Robbed of royalty: Mutilation and social determination of female Diacamma ants
Social insects, such as ants, bees and wasps, display an organizational complexity, called eusociality, where individual members of a colony act more like parts of a whole rather than independent organisms. In their colonies, each individual performs specific tasks based on which caste they belong to: either the reproductive caste or the worker caste. In many species, the reproductive role is determined in early development – by the time they are adults, queens and workers have set roles, complete with distinct appearances and functions. Remarkably, although ants, bees and wasps all evolved eusociality separately, all of their societies display this caste distinction. This begs the question: in these different organisms, have the same, or similar, genes evolved to differentiate social castes?
One way to answer this question is to look at exceptions to the general rule. In many ant species, queen ants are much larger than their worker counterparts. However, in some species, such as the native Okinawan Diacamma species, there are few differences in appearance between the worker caste and reproductive caste. These species are called "queenless ants" as a result, though a social hierarchy that includes both reproductive and worker castes exists within their colonies.
The lack of physiological differences between the different castes makes Diacamma a particular intriguing ant to study. "Unlike most ant species, where the ability to reproduce is determined during early development, Diacamma display an unusual biology in that every ant has the potential to become part of the reproductive caste until early adulthood," explains Prof. Alexander Mikheyev, leader of the Ecology and Evolution Unit at the Okinawa Institute of Science and Technology Graduate University (OIST). When adult female Diacamma ants first emerge from their pupal case, they have a pair of wing-like structures called gemmae. Every female who retains her gemmae can reproduce, but horrifyingly, the reigning reproductive female, called a gamergate, attacks these young ants and mutilates the gemmae. This violent mutilation prohibits these females from developing ovaries, causing irreversible sterility. The sterile females then become part of the worker caste. However, if no gamergate is present, young females retain their gemmae and become part of the reproductive caste.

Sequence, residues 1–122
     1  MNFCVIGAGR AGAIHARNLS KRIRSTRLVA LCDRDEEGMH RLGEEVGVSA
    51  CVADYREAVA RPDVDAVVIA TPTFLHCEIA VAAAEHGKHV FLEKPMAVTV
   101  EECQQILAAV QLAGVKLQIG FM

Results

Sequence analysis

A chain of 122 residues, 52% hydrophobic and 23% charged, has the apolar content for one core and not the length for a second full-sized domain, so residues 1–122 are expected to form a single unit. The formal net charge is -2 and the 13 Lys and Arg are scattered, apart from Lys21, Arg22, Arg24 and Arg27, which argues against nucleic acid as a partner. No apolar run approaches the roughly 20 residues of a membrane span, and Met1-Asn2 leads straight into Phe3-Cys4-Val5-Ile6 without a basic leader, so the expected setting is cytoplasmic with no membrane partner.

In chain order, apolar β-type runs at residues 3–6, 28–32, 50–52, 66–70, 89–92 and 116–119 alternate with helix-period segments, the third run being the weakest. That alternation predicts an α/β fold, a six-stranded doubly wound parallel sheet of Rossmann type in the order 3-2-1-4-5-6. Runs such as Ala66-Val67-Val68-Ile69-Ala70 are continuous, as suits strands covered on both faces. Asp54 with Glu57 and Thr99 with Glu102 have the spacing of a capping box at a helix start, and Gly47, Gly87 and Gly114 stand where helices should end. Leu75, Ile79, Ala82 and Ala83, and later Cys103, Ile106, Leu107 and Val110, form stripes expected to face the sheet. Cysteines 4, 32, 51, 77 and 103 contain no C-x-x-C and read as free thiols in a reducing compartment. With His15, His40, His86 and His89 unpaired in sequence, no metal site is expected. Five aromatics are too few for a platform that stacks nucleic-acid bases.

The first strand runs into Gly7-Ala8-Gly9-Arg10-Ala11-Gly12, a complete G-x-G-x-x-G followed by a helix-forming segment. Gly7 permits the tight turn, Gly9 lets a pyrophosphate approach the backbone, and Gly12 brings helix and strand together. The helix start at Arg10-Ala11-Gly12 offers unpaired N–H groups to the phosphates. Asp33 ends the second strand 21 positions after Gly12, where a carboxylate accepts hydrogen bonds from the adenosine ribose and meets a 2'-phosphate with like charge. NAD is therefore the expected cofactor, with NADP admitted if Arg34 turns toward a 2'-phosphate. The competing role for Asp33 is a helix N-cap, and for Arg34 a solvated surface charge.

The scientists wanted to determine how this mutilation affects the ants at the molecular level. To do this, the Ecology and Evolution Unit at OIST collaborated with researchers at the University of the Ryukyus and the University of Tokyo to collect Diacamma colonies from different locations on the island of Okinawa and study their gene expression patterns. In every organism, genes can be turned "on" or "off" depending on how they are regulated. Organisms with identical DNA can have different appearances, abilities, or functionalities based on which genes are turned "on", or expressed.
"We wanted to compare gene expression between the mutilated and non-mutilated ants at the same stage in development to see which genes determined caste differentiation." Mikheyev describes, "from there, we could compare the gene expression patterns between different castes in Diacamma ants to those of other species to elucidate the evolutionary origins of eusociality." This research revealed that only a small number of genes differentiated the reproductive caste from the worker caste, primarily in genes related to nutrition. This hints that increased energy requirement of reproduction may be a factor in the evolution of eusociality.
Some of these genes have also been found to affect caste determination in other species, such as bees, wasps and other ants, though typically during development. The Ecology and Evolution Unit at OIST plans to use the results, published in Molecular Ecology, from this study to further investigate the evolutionary origins of eusociality. "We are in the process of conducting a follow-up study, comparing developmental profiles of gene expression in ants and honey bees, to explore parallels in how castes repeatedly evolved" says Mikheyev.